But that's a matter of taste. Boost libraries do only what they can do "perfectly". Many of the libraries deliberately don't support certain features since they aren't needed.

And despite very verbose design and implementation, boost is quite ascetic and straight-forward. Each class/library does exactly what it's supposed to and not a single thing more.

Unfortunately, there's some code/role/functionality duplication between projects, and some libraries do suffer from performance problems (boost::function allocates functors on heap, boost::signal is considerably slower than comparable frameworks, boost::any performs redundant allocation on copy).

But as always, if that's a problem, there's other libraries. This is greatest benefit of the design - take what you need.

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Original post by samoth
Of course it is also an entirely stupid assumption that anything in the detail directory could possibly work in a normal way or the way it's documented in the class header. My fault.

No, it's an entirely stupid assumption that anything in the detail directory is intended for anything but the library implementation to use; that's why it's in a detail directory. The header documentation may be completely correct if used by the library. And if you don't want to be perceived as saying that your incorrect use of an undocumented feature is an example of a buggy library; then don't quote a post that says "examples though of Boost libraries that are a) buggy" before describing your expedition into undefined behavior as if it was an actual boost library rather than a misuse of a non-public library component.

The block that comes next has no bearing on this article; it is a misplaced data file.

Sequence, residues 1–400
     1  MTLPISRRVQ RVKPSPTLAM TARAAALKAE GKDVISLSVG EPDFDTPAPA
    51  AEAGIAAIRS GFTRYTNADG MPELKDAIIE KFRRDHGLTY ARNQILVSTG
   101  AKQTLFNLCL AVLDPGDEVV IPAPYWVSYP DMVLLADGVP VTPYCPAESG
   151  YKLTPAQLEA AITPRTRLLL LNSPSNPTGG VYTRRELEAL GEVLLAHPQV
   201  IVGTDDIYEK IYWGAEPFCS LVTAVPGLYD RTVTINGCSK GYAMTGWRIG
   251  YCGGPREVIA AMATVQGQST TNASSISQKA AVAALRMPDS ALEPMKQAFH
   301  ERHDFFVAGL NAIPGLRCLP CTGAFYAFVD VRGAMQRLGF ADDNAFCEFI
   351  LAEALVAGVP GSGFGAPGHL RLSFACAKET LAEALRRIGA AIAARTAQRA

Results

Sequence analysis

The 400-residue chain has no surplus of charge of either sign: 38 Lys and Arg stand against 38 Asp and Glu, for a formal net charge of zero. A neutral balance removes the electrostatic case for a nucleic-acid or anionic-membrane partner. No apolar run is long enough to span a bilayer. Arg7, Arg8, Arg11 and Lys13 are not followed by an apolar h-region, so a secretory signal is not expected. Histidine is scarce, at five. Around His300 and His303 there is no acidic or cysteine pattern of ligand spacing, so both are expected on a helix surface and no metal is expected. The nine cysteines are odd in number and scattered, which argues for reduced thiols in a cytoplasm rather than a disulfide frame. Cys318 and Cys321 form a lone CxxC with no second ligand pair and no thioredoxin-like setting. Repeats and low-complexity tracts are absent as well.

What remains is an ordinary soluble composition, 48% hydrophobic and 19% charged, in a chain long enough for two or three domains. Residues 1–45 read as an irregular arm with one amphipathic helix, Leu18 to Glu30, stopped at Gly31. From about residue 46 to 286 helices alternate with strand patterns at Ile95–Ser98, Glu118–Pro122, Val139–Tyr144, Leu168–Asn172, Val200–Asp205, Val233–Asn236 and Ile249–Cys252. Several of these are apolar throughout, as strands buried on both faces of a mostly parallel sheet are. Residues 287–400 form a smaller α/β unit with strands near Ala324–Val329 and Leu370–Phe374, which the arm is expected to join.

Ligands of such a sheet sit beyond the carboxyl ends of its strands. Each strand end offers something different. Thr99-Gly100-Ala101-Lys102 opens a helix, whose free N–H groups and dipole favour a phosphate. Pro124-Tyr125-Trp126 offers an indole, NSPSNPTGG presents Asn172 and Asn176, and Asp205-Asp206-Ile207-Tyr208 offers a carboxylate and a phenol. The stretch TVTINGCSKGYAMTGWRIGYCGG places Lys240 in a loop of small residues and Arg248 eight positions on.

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Original post by MaulingMonkey
It's not so much a question of "Is boost worth using in C++?" so much as it is a question of "Is C++ worth using without boost?", in my opinion, to which my answer is "No, it is not."


nifty [smile]

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Original post by MaulingMonkey
It's not so much a question of "Is boost worth using in C++?" so much as it is a question of "Is C++ worth using without boost?", in my opinion, to which my answer is "No, it is not."


QFE. For the last 6 months, I've been writing C# instead of C++ and I sometimes find myself wishing I could use boost features in C#.

If I had to go back to programming in C++, I could happily do so. If I had to go back to programming in C++ without boost, I doubt I'd accept the job.

And for the record, I've used shared_ptr, pointer containers, regex, format, concept_check, filesystem, function, bind (a lot!), test, thread and statechart all in production code in a professional capacity, plus I added a complete scripting system with boost.python (primarily) for testing purposes. Considering the huge amount of functionality those libraries provided I ran into very few problems, and the productivity boost (no pun intended [grin]) far outweighed any issues or performance problems.